Bishop Hying

World always in needs of saints to point us toward God as a common goal

      As we celebrate All Saints Day this Sunday, the Church lifts up all the holy ones, both canonized and unknown people, who fought the good fight, kept the faith and finished the race. I have always been fascinated with the saints because they show us what holiness looks like in so many varied and inspiring forms. They are to the spiritual life what astronauts are to outer space; the saints explore the uncharted territory of God’s love, grace and mercy.

      When people called Dorothy Day, the founder of the Catholic Worker Movement and a person radically dedicated to peace and to the poor, a saint, she famously replied, “I don’t want to be dismissed that easily.” She has a point. Often times we do not truly consider the saints to be truly human or like us; the accounts of their lives often read like a Super Heroes comic book or appear almost mythological. Yet, Christ and the Church call us to become saints, in other words, to gradually grow into being the person that God has called us to become, to embrace the dream of a life radically surrendered to love.

      Although this thinking was never the official teaching of the Church, the popular understanding of sanctity saw it as the preserve of priests, nuns and monks. If you really wanted to be holy, you embraced priesthood or religious life; marriage, family and the world of the laity was for everybody else. The documents of Vatican II powerfully remind us that everyone is called to be a saint by virtue of baptism; we need holy married couples, parents, teachers, chefs, doctors and factory workers.

      Saint Francis de Sales foreshadowed this shift by centuries when he wrote in his “Introduction to the Devout Life” that it would be absurd for a mother of five to live the spirituality of a cloistered nun or for a merchant to pray in the same way as a priest. The recent dual canonization of Zelie and Louis Martin, the parents of St. Therese of Lisieux, reflects the importance of lifting up saintly role models for lay people.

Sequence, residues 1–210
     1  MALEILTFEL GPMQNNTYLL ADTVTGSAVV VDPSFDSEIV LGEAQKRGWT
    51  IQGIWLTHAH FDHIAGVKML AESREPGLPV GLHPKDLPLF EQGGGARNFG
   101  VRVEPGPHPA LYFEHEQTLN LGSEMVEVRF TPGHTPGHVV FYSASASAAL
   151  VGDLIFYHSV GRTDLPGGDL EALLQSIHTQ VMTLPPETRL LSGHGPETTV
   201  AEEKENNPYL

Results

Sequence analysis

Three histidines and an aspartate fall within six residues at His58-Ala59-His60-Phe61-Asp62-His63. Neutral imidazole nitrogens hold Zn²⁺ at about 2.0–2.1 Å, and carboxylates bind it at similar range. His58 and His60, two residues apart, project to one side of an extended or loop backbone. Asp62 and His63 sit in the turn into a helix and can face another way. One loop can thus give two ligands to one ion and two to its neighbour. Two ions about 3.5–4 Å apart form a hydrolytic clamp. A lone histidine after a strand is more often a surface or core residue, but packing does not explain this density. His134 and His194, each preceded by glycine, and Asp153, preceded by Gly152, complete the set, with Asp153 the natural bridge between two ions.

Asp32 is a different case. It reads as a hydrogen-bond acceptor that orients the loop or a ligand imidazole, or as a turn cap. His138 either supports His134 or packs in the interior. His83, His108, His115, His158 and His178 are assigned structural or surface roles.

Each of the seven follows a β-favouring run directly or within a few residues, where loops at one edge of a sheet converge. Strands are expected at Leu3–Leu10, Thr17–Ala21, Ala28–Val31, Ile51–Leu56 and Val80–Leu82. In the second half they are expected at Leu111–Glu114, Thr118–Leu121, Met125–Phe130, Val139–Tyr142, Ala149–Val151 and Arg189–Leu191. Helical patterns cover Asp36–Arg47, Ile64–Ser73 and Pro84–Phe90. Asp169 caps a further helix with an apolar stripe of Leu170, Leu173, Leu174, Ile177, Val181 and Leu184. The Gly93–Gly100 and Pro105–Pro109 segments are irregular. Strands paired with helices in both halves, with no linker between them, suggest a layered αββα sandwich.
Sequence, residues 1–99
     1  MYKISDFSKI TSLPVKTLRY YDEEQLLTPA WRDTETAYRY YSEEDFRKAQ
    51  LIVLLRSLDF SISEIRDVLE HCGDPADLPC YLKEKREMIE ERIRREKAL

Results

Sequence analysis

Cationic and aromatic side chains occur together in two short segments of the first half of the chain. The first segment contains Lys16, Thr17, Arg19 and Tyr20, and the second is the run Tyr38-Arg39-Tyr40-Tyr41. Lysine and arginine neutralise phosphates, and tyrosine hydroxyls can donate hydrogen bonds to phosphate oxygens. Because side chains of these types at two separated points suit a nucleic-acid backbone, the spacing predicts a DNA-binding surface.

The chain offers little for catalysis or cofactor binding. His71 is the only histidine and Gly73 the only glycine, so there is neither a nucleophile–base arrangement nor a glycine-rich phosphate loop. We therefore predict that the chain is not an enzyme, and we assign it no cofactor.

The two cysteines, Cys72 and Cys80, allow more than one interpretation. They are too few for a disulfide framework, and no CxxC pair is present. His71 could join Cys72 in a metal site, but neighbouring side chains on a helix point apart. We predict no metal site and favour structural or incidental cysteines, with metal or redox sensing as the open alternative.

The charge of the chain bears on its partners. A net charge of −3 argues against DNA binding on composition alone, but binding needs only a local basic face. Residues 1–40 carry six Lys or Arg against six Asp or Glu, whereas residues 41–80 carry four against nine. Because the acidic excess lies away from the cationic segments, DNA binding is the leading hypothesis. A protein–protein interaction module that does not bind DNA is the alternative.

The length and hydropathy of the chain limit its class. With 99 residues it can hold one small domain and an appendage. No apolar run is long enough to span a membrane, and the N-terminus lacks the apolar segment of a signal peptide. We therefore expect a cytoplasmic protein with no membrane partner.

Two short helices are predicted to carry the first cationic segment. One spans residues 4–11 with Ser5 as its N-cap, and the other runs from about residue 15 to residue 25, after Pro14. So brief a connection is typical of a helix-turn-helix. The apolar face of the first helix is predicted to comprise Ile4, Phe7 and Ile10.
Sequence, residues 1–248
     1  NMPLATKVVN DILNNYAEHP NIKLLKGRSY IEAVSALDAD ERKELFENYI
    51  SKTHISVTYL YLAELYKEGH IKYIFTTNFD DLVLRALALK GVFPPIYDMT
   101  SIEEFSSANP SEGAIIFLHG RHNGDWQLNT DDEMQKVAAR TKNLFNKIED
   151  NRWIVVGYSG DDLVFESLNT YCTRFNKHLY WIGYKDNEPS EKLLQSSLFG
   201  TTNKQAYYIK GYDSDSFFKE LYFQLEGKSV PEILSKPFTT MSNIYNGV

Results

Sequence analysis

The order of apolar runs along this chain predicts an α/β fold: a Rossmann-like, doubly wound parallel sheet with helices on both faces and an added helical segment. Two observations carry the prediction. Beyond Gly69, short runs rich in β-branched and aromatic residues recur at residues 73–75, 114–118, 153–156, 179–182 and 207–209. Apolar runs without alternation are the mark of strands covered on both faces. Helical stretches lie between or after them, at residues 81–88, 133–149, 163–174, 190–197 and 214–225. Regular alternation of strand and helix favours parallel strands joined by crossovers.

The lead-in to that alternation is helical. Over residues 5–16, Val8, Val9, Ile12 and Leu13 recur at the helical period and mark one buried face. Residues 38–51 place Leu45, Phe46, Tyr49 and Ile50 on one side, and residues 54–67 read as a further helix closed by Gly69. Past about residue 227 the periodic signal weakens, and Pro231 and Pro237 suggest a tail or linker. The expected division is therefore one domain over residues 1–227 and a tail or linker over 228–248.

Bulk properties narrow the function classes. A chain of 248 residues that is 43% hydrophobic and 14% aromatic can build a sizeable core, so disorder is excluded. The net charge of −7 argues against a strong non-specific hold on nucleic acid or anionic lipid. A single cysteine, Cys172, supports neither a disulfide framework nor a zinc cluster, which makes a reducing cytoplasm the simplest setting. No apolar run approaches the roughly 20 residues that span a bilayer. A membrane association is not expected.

Since my childhood, the lives of the saints have fascinated me!  The joyful drama of Francis of Assisi giving away all his possessions, serving the poor and receiving the stigmata inspired me. The unique and brief trajectory of Joan of Arc’s mysterious life and mission intrigued me. The extraordinary priesthood of John Vianney who tirelessly heard confessions for 16 hours a day overwhelmed me. The passionate love of St. Therese of Lisieux, lived out in the ordinary details of life, beckoned me. 

      The saints show us that it is literally possible to live the teachings of Jesus in such a totally generous way that we become a new creation in Christ. As St. Paul says, “It is no longer I who live but Christ who lives in me.”  The saints become living icons of the Gospel, as the Word of God is imbedded and manifest in the conversion and spirituality of their lives.

      So what unites personalities and temperaments as different as Philip Neri, known for his humor and jokes, and Jerome who was irascible, Julian of Norwich, who never left her one-room cell, and Francis Xavier who traveled the Far East, Thomas Aquinas, a philosophical genius, and Joseph of Cupertino, who struggled with the books?  Each saint heard the call of God, experienced the pulsating love of the divine, and eventually surrendered every facet of their life and personality to the Lord.  They fell in love with Jesus Christ and nothing could ever be the same again.  This spiritual movement towards integrity is the challenge and joy of the journey towards conversion.

      Every Gothic cathedral in Europe has a rose window, an artistic explosion of glass and light composed of concentric circles of figures. Jesus Christ is always at the center of the window; the next circle pictures the Apostles; the third one depicts various saints and the outer circles represent the world of work, animals, nature and the details of medieval life.

      The lesson of the rose window is one of integrity.  If Christ is truly at the center of life, then everyone and everything revolve in a beautiful harmony around that center in love, justice and peace. The window symbolizes the well-ordered life, both individual and communal, in which family, work, politics, economics, sexuality, friendship, learning, leisure, money and time all fit together in a harmonious whole and find their ultimate purpose in the truth, beauty and goodness of God.

      The world will always need saints, joyous and generous women and men who point us beyond the ephemeral things of this world to God as our ultimate goal and good; we, too, are called to be radical and passionate witnesses who reject the false values of selfishness, comfort and complacency to show everyone that the only reason every human being is alive, the only purpose for which we exist is to fall head over heels in love with God and to draw as many people as we can into the divine romance which will last forever! 

      As St. Irenaeus said 1,700 years ago, the glory of God is the human being fully alive.  Go for broke; become a saint.  We only get to live this life once.


      + Donald J. Hying


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